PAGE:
As the first Chinese peer-to-peer (P2P) lending platform to go public in the United States, Yirendai drew a lukewarm response during its first day of trading on Friday, with shares slumping by as much as 16.5 percent down to $10 apiece on its debut day.
Yirendai shares were dumped by some investors because the unregulated P2P market environment and severe crisis of confidence pose great risks in the industry, a security analyst said, according to a Sohu report on Monday.
Since their introduction in 2006, P2P lending platforms have grown rapidly in China on the immense demand for credit from individuals who find it difficult to borrow money from traditional Chinese banks.
Using P2P, ordinary Chinese lend money to unknown people without going through a bank for higher returns, as investment channels are still relatively limited in the country.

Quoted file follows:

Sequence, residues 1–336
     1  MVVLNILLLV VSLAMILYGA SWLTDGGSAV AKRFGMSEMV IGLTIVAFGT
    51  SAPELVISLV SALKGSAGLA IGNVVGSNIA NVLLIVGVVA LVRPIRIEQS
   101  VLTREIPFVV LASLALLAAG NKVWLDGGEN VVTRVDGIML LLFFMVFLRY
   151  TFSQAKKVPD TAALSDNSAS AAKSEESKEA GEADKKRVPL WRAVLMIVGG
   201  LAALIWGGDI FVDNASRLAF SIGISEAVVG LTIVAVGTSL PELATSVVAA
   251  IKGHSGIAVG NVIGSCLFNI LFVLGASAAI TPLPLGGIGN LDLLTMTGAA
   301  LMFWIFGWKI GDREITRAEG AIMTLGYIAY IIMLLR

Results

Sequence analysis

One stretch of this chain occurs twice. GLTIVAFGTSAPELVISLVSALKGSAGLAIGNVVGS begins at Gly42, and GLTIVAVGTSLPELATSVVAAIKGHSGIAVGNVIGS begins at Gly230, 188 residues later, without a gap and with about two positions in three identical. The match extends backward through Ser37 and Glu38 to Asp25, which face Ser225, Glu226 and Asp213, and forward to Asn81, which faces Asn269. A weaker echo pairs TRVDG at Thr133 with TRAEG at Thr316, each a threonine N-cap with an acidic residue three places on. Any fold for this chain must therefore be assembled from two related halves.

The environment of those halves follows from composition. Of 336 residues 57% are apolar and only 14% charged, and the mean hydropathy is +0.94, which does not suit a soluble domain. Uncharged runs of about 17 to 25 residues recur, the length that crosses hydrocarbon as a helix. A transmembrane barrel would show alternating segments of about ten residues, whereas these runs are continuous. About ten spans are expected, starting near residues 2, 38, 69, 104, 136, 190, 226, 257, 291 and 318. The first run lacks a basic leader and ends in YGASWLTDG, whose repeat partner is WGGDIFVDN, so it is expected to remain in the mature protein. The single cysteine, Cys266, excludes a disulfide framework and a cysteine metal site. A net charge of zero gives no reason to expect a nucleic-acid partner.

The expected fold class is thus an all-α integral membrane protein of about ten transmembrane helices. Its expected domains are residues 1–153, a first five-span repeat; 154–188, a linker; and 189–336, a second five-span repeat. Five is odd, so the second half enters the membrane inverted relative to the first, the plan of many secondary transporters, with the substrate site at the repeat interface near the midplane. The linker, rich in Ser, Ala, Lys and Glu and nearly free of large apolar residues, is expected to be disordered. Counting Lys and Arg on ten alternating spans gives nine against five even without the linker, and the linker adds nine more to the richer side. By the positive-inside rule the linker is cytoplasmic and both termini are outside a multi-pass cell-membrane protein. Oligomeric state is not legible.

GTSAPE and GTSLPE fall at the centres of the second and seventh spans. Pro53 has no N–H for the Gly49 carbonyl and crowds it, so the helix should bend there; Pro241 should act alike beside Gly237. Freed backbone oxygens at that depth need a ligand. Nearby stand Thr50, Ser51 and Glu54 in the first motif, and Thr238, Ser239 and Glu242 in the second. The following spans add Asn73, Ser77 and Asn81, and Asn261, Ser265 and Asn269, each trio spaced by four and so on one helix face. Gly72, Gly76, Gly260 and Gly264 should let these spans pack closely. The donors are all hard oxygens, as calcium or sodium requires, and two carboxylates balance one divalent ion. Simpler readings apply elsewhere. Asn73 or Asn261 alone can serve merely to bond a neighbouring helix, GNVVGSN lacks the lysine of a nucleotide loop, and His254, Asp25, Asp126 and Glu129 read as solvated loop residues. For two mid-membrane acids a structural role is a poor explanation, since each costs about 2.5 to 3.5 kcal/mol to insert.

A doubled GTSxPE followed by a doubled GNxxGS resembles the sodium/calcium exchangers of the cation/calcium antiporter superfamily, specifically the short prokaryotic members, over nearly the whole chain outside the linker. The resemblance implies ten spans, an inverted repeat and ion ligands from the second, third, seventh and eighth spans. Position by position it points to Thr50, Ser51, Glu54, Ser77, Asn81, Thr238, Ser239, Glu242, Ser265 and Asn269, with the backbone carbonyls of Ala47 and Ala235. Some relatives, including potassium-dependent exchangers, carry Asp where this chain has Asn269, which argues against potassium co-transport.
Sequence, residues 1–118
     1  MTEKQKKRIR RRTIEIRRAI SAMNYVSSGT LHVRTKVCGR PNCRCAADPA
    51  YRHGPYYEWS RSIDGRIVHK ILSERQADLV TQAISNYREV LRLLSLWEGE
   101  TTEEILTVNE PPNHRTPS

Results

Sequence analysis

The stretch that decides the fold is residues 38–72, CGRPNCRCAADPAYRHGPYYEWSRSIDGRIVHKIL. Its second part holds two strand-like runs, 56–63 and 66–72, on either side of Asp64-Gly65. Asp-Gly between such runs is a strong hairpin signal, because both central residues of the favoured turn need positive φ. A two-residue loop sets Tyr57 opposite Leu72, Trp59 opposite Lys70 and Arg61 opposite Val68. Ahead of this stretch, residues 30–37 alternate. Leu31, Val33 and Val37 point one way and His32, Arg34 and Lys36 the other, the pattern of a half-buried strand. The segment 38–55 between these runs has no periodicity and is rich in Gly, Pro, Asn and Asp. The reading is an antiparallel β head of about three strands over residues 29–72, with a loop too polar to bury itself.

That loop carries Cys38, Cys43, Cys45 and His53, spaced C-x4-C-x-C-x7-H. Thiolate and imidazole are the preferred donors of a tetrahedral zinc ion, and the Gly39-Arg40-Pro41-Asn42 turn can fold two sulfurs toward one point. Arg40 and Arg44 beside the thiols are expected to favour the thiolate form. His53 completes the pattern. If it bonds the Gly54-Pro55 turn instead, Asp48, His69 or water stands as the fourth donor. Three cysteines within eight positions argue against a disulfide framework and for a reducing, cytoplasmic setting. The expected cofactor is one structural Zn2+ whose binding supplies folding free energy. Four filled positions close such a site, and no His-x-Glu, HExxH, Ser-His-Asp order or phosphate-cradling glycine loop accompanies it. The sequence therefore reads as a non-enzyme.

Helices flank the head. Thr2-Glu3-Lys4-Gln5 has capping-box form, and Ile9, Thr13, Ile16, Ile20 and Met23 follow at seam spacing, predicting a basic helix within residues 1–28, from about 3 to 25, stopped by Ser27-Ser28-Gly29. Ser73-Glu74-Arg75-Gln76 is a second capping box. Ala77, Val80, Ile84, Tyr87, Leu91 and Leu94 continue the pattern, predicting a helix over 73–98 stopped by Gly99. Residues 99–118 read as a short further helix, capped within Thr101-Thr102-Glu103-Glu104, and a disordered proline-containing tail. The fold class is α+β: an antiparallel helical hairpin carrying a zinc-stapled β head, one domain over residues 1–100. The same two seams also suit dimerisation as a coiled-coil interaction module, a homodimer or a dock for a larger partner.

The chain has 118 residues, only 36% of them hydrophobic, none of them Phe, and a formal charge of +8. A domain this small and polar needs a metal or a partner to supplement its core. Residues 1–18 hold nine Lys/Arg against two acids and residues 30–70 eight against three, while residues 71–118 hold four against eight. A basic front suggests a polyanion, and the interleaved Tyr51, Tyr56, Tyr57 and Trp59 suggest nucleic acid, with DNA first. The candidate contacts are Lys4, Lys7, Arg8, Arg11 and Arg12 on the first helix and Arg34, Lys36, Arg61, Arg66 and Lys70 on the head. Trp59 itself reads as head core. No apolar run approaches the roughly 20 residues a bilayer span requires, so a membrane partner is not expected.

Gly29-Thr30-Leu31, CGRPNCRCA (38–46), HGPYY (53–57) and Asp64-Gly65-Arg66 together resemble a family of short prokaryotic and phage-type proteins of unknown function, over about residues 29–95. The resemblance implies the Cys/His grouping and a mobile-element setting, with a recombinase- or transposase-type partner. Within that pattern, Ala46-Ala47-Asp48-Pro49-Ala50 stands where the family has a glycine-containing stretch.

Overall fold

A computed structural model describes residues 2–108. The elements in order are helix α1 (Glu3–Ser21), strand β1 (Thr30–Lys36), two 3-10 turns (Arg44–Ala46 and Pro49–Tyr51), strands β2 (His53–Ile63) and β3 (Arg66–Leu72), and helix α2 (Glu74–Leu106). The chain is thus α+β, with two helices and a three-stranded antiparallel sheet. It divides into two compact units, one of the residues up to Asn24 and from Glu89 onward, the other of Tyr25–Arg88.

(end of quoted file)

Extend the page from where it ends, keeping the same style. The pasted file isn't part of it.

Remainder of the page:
But the sprawl of P2P lending platforms in China was also accompanied by frauds, such as sudden website shut-downs, making it difficult for individual lenders to withdraw funds.
Citing market data, the Sohu report said 1,248 P2P lending platforms were found with "issues" in China as of the end of November, accounting for 34.5 percent of the market.
In the meantime, a large number of loans to people with lower credit scores has also embedded huge risk, said the report. Yirendai has classified its borrowers into four categories: A,B,C, and D. People with the best credit score, class A, are charged an annual rate of 16.9 percent, while an interest rate 39.5 percent is charged to those with the lowest credit score, class D.
During the first nine months of 2015, 78.3 percent of total loans on Yirendai were lent to Class D borrowers, said the Sohu report.